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Sweet souffle base

post #1 of 7
Thread Starter 
I'm copyediting a cookbook that contains a recipe for a Grand Marnier souffle. The directions for making the souffle base are:

"Bring milk and sugar to a boil. Stir constantly. Melt the butter in a separate pot, making sure the pot is large enough to hold the addition of the boiled milk. Do not let the milk over-boil in the pot. Add the flour to the melted butter. Add the boiled milk mixture and cook for one minute. Remove from heat. Allow to cool."

I'm not at all sure what the author means by "over-boil" and I don't understand why the milk has to be kept at a boil to make a good base. I should think that it would be OK to bring the milk and sugar to a boil and then turn the heat down, or even remove them from the heat, while one was making the roux. I've certainly had success making gravies, sauces, and souffles with liquids at all temperatures, from hot meat juices to cold milk from the refrigerator. However, I'm not a professional. Perhaps I don't know the difference between a souffle that is just OK and one that is superb. Does boiling milk do a better job of expanding the particles of flour? Is hot milk better than cold? Would very hot milk do just as well as boiling milk?

I should perhaps add that the author got this recipe from a pastry chef and doesn't seem to be a world-class cook herself. So she may have misunderstood some of his directions. But ... I can't go over the author's head and ask the chef.
post #2 of 7
If the author doesn't know what's going on then what sort of cookbook is this?

A lot of basic cooking skill is assumed in those few lines.
post #3 of 7
over-boil means the milk has bubbled over the pot and is messing up your cooktop.
"If it's chicken, chicken a la king. If it's fish, fish a la king. If it's turkey, fish a la king." -Bender
"If it's chicken, chicken a la king. If it's fish, fish a la king. If it's turkey, fish a la king." -Bender
post #4 of 7
Thread Starter 
It's a collection of cooking columns from a small-town newspaper. It's not coming from a major press and it will never appear in bookstores near you :) Which is probably just as well, as I don't think any of you would buy it.

The author really really doesn't understand how to write recipes. I'm sure that any of you could expand her gnomic instructions and make something passable, but in its raw form, her cookbook was a pit waiting for the inexperienced cook.

I'm expanding the recipes where I can, that is, where I can understand what's supposed to be happening. Sometimes my intuition fails. Sometimes my intuition tells me that "this recipe will not work as given." In one case I was so concerned about the recipe that I made it and sure enough, it would not work as given.

Given that I'm not a professional chef, just a long-time home cook, I may be introducing subtler levels of wrongness. But I'm using my google-fu, my reference books, my cookbooks, and occasionally, asking the experts. Which is why I'm here.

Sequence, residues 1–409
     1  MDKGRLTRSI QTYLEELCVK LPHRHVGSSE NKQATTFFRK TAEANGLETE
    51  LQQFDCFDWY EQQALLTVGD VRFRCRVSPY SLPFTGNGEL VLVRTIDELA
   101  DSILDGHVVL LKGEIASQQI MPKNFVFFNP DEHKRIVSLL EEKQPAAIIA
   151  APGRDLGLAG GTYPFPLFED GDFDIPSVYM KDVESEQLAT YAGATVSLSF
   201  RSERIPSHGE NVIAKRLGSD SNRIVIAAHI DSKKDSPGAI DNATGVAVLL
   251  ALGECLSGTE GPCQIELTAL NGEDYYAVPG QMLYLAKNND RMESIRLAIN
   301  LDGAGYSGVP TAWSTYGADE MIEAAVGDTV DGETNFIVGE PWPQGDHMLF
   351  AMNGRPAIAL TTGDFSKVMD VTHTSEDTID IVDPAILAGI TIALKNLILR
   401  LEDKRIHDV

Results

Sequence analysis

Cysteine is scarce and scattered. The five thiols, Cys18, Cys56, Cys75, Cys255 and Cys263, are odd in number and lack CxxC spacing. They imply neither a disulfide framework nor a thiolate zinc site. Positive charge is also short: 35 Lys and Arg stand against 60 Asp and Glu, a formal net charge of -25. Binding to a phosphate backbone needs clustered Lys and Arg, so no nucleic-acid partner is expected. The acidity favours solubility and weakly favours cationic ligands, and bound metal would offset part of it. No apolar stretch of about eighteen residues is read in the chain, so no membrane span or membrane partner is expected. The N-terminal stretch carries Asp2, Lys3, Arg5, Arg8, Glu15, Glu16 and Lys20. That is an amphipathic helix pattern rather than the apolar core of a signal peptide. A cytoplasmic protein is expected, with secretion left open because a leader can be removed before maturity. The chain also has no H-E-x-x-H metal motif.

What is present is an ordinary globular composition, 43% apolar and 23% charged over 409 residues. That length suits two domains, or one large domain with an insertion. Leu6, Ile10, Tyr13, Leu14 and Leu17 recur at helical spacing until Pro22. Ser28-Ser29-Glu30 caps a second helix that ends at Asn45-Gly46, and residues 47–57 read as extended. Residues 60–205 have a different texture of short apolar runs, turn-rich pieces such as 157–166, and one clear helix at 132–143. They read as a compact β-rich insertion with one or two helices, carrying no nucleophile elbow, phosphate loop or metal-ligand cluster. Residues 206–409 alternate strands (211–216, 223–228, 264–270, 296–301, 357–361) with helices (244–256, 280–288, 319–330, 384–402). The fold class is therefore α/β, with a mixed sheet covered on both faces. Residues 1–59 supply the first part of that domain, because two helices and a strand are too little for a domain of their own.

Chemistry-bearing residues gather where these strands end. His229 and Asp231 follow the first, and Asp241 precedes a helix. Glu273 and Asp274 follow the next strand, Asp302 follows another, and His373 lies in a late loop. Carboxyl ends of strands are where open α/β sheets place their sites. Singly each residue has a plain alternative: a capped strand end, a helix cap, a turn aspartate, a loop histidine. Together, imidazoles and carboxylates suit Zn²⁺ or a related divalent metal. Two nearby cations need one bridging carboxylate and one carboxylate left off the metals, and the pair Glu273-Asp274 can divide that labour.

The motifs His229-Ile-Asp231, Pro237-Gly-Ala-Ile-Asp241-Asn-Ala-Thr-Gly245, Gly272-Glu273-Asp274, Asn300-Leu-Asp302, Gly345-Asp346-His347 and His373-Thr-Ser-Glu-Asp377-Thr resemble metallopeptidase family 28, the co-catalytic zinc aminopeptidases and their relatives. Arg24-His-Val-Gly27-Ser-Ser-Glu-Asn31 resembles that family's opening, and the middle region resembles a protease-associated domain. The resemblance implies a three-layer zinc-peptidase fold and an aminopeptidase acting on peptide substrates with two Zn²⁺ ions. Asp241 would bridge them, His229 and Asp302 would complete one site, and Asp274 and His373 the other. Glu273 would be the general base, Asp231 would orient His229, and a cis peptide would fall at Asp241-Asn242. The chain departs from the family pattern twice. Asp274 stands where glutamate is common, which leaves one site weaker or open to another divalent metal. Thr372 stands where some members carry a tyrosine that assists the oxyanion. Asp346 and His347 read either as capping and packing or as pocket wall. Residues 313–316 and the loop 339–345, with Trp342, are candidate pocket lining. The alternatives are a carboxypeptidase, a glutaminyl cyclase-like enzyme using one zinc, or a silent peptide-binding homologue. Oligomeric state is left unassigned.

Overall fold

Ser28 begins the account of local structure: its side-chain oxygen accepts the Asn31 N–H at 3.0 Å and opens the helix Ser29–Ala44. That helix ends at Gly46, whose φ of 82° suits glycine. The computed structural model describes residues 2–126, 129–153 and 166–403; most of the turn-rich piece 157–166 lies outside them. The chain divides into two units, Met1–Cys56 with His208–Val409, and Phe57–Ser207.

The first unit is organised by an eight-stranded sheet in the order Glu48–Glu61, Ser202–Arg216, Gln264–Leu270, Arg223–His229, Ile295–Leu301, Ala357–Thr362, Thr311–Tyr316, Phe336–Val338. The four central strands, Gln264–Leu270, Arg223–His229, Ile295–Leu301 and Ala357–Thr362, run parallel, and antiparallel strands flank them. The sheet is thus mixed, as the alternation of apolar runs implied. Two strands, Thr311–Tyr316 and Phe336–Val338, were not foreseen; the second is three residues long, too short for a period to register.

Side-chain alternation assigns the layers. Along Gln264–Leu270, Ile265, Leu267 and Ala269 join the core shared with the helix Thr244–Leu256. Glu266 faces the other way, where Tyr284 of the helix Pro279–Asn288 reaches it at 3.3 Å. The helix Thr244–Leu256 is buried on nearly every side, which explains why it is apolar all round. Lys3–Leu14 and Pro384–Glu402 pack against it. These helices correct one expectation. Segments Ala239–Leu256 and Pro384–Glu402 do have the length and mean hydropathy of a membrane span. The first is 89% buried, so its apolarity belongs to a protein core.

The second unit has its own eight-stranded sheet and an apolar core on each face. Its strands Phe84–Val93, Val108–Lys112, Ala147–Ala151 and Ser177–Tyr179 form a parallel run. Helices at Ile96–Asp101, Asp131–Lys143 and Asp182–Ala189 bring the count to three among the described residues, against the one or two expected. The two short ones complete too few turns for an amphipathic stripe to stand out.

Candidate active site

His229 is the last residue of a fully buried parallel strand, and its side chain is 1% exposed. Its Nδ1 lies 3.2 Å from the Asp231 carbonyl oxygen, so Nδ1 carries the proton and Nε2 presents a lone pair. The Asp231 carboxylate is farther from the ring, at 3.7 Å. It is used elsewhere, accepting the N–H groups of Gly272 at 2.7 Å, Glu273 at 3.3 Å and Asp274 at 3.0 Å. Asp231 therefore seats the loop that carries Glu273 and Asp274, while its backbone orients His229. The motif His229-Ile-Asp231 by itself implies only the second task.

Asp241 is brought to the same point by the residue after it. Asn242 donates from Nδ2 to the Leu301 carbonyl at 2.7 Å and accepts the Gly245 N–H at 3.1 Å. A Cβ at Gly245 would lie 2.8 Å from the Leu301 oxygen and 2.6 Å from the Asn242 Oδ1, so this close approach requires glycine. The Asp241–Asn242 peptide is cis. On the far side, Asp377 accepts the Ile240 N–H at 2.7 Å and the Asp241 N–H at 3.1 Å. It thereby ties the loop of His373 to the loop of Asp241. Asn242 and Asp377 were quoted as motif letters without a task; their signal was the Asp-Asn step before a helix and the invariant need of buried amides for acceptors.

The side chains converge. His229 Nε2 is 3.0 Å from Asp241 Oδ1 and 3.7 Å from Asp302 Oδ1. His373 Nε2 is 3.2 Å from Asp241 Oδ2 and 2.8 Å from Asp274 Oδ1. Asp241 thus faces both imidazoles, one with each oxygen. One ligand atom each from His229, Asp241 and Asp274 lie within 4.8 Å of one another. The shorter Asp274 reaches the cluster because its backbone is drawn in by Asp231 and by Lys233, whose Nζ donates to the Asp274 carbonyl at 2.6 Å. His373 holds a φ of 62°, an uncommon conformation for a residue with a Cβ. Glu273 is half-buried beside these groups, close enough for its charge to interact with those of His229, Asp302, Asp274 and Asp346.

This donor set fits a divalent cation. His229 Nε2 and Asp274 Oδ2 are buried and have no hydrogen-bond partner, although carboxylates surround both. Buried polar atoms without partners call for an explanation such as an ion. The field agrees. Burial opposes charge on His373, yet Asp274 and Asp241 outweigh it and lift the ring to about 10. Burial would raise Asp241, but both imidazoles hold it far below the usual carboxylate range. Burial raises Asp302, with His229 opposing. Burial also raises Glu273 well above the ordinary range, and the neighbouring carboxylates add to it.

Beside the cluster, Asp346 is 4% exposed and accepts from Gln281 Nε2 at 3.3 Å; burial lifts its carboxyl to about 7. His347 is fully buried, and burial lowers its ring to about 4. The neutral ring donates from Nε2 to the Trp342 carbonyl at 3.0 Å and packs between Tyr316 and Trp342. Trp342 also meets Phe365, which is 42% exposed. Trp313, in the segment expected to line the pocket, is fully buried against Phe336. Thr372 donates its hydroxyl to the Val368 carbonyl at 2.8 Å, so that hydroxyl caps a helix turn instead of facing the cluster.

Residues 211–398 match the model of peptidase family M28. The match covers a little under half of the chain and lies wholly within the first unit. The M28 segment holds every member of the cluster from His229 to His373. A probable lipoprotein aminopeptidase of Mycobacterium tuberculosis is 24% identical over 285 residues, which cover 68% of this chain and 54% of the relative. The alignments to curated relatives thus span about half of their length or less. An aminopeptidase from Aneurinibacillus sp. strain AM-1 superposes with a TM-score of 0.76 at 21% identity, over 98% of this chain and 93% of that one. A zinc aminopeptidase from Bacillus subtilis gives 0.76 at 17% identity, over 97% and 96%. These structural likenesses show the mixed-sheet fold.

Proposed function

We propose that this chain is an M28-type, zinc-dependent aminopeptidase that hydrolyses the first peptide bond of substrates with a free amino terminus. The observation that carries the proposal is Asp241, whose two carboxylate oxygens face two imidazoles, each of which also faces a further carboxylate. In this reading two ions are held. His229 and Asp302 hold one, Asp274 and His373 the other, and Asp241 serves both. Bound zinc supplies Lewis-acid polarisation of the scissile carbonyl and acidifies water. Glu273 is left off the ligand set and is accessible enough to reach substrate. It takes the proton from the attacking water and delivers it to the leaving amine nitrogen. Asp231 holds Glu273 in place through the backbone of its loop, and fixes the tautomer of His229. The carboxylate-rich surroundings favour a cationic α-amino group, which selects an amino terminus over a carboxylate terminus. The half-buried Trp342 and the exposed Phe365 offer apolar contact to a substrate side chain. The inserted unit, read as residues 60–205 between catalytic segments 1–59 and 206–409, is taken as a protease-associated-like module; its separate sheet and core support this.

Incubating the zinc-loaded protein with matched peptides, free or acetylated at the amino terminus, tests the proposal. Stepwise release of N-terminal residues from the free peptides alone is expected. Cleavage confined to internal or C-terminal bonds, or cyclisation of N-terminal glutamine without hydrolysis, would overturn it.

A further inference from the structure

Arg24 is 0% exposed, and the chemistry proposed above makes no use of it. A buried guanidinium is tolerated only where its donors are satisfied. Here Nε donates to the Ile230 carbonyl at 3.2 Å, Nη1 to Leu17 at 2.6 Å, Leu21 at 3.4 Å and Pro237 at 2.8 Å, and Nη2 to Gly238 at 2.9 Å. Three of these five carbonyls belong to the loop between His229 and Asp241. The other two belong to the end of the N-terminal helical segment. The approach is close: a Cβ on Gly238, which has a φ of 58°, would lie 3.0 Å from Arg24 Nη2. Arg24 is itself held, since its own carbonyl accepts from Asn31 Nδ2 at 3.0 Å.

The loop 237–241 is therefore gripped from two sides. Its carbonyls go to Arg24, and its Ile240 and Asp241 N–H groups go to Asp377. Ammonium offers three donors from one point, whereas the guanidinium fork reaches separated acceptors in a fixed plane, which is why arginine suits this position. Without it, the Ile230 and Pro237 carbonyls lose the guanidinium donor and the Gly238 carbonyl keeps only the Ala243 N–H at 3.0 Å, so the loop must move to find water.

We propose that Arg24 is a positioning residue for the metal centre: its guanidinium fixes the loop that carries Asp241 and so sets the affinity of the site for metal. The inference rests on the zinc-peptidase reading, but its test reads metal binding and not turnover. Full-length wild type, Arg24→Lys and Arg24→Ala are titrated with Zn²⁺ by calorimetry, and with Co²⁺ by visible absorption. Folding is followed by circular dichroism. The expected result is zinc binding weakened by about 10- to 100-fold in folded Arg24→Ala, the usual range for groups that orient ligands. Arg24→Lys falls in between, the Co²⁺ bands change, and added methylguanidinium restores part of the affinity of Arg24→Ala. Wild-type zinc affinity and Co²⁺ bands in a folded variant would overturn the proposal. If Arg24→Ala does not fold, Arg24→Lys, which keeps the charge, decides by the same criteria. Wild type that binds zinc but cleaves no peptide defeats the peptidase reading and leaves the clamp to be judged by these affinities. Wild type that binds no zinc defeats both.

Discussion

post #5 of 7
I think what the author may be getting at is "scalding" the milk, just as it is about to boil, take it off the heat. I am not sure what this process is supposed to achieve, maybe someone else will offer an answer to that.

It doesn't, in fact it is easier to let the milk and the roux cool a bit before mixing them. If they are too hot they will thicken too quickly and get very sticky and lumpy

If it rises to the occasion and it tastes superb, then it is superb

The souffle rises because of the egg whites, by whisking you create millions of bubbles trapping air. The more air you can get in, the better it will rise. On heating, the trapped air bubbles expand causing the souffle to rise.

Don't forget to cook the roux for a few minutes before adding the milk or your souffle will taste of flour. Hope this helps
post #6 of 7
Thread Starter 

Thank you everyone!

Thanks y'all for the advice. I can edit the recipe with some confidence now.

BTW ... my reference books, aside from my small cookbook collection (only a few dozen books, but well-chosen, I think), are the Oxford Companion to Food, Harold McGee On Food and Cooking, and Recipes Into Type. Are there any other reference books I should get? References that you find indispensible for the occasional problem?
post #7 of 7
Bazza was right about everything.

As a general rule, when making a bechamel, which is what a souffle base is, it's best to add the milk to the roux rather than the other way around. Warm, tepid, or even cold milk is preferable to hot. These two things make for a much smoother, velvety bechamel.

It's simply not necessary to boil or scald modern milk to make a souffle base. It's an archaic practice, the purposes of which were to fully mix higher fat milk with lower; kill bacteria; and, to destroy certain enzymes which may prevent thickening. However, modern homogenization and pasteurization take care of all of those problems. The scalding runs the risk of scorching which ain't good, and ought not be done unless you milk your own.

The milk needs to be heated only hot enough and long enough to fully dissolve the sugar and be infused by vanilla or other flavoring, and should be allowed to cool (at least slightly) before thickening to fully stabilize. As with most cooking processes, the less done the better.

Luck with your project,
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